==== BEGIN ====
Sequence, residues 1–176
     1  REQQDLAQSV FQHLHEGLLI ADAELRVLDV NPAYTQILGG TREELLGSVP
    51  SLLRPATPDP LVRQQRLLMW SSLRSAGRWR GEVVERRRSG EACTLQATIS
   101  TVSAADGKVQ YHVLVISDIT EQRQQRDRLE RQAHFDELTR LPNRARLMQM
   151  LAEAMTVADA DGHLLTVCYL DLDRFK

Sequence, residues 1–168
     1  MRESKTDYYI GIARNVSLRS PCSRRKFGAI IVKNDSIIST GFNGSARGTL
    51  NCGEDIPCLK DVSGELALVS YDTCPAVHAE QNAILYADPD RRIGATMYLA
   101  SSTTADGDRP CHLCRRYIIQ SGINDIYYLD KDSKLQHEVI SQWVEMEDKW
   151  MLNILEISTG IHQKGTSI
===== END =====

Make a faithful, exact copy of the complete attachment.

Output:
Sequence, residues 1–176
     1  REQQDLAQSV FQHLHEGLLI ADAELRVLDV NPAYTQILGG TREELLGSVP
    51  SLLRPATPDP LVRQQRLLMW SSLRSAGRWR GEVVERRRSG EACTLQATIS
   101  TVSAADGKVQ YHVLVISDIT EQRQQRDRLE RQAHFDELTR LPNRARLMQM
   151  LAEAMTVADA DGHLLTVCYL DLDRFK

Sequence, residues 1–168
     1  MRESKTDYYI GIARNVSLRS PCSRRKFGAI IVKNDSIIST GFNGSARGTL
    51  NCGEDIPCLK DVSGELALVS YDTCPAVHAE QNAILYADPD RRIGATMYLA
   101  SSTTADGDRP CHLCRRYIIQ SGINDIYYLD KDSKLQHEVI SQWVEMEDKW
   151  MLNILEISTG IHQKGTSI